What the TOK Syllabus has to say about … Language
· ‘Language exerts hidden power, like a moon on the tides.’ Rita Mae Brown
· ‘Words form the thread on which we string our experiences’ Aldous Huxley
· “How strangely do we diminish a thing as soon as we try to express it in words” Maeterlinck
Language is so much a part of human activity that it is easily taken for granted. The issues related to language and knowledge call for conscious scrutiny in order to recognize its influence on thought and behaviour.
Language can be thought of as a symbol system, engaged in representing the world, capturing and communicating thought and experience. Language also can be seen as existing in itself, as something to be played with and transformed and shaped in its own right and something that can transform and shape thought and action.
Questions about … the Nature of language
· What different functions does language perform? Which are most relevant in creating and communicating knowledge?
· What did Aldous Huxley (1947) mean when he observed that “Words form the thread on which we string our experiences”? To what extent is it possible to separate our experience of the world from the narratives we construct of them?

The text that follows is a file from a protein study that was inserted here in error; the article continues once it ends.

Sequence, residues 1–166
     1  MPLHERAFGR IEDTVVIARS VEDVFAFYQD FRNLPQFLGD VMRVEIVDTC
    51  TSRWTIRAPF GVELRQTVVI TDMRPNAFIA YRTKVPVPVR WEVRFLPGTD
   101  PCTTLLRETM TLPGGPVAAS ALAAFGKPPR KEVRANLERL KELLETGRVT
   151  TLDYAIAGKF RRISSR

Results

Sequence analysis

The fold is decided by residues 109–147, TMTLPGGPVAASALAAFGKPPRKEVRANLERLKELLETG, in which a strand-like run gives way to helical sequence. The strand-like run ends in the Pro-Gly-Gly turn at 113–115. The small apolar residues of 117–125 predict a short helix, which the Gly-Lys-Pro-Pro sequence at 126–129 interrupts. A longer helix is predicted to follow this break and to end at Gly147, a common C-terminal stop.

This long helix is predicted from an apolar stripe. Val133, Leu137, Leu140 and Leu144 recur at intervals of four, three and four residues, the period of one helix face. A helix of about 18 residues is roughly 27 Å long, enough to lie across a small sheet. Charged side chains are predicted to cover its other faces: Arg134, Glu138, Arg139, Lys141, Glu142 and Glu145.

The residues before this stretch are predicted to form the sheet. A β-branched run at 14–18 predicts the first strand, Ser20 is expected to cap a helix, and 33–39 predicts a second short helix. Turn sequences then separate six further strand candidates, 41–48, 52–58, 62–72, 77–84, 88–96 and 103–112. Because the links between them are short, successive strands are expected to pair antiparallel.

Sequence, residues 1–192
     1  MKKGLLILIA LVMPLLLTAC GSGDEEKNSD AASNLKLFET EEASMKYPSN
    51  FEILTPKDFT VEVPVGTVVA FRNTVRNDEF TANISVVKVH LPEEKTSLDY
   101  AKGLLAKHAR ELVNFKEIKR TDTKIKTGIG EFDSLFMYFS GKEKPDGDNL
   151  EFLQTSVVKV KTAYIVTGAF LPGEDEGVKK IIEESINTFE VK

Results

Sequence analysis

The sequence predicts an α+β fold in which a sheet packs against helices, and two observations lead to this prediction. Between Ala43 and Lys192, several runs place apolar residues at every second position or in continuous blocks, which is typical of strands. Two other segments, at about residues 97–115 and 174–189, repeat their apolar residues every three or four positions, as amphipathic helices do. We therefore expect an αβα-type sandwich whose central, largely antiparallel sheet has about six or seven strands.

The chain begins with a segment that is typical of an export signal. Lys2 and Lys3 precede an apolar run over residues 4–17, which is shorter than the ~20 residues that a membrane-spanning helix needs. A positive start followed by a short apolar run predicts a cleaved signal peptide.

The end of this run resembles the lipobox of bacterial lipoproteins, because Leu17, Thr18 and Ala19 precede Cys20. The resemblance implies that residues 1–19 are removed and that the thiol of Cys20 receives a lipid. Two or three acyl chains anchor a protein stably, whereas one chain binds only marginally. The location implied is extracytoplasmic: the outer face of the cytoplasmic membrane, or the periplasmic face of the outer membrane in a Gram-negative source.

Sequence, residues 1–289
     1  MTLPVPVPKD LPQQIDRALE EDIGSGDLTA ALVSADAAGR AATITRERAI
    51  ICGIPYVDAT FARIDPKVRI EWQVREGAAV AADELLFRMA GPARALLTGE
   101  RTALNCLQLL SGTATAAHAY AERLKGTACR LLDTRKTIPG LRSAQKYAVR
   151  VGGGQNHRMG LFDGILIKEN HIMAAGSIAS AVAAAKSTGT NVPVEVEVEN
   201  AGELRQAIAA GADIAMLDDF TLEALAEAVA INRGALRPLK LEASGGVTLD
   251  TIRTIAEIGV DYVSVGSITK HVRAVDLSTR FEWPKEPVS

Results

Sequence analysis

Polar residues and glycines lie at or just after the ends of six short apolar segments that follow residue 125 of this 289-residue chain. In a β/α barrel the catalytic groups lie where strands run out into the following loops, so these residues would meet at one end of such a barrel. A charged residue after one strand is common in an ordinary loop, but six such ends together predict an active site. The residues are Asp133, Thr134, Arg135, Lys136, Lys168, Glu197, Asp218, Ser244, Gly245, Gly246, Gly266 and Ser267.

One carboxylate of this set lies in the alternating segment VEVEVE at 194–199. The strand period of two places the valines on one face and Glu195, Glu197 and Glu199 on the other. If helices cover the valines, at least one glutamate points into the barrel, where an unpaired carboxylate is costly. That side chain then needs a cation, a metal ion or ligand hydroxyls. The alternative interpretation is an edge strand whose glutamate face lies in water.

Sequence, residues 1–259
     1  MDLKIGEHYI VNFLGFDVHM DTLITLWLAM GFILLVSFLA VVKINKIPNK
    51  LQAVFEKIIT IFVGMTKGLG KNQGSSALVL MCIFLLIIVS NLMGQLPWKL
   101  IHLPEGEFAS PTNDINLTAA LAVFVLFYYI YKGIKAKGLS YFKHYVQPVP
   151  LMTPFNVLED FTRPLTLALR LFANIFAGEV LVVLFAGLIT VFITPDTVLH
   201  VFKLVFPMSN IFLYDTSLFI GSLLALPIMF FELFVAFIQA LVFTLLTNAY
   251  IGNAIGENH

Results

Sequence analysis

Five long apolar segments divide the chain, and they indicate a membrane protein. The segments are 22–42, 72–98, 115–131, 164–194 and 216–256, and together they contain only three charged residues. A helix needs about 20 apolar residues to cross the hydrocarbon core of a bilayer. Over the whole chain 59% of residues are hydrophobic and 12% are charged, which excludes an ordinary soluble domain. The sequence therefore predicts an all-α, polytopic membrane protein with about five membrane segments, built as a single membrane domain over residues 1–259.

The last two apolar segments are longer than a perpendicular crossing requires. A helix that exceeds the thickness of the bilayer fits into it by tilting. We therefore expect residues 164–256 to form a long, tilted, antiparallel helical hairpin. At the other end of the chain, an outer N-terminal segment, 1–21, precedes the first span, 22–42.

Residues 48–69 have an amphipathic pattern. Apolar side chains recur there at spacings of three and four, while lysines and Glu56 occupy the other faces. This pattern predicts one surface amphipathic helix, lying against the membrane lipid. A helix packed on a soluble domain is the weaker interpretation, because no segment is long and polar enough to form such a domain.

· In what ways does written language differ from spoken language in its relationship to knowledge?
· Is it reasonable to argue for the preservation of established forms of language, for example, as concerns grammar, spelling, syntax, meaning or use? Is one language common to the whole world a defensible project?
· What is the role of language in creating and reinforcing social distinctions, such as class, ethnicity and gender?
· What is the role of language in sustaining relationships of authority? Do people speak the same way to inferiors and superiors in a hierarchy? Does the professional authority speak in the same way as the person seeking opinion or advice? Can control of written language create or reinforce power?
· How does technological change affect the way language is used and the way communication takes place? How might innovations in language, such as Internet chat or text messaging, be assessed: as contributions to or assaults against how language and communication “should be”?
Questions about … Language and culture
· If people speak more than one language, is what they know different in each language? Does each language provide a different framework for reality?
· How is the meaning of what is said affected by silences and omissions, pace, tone of voice and bodily movement? How might these factors be influenced in turn by the social or cultural context?
· What is lost in translation from one language to another? Why?
· To what degree might different languages shape in their speakers different concepts of themselves and the world? What are the implications of such differences for knowledge?
Questions about … Language and thought
· How have spoken sounds acquired meaning? What is the connection between the sounds and what they are taken to represent? Given that a word such as “tree” groups together a lot of different individual objects, what is lost in using language to describe the world? What are the advantages?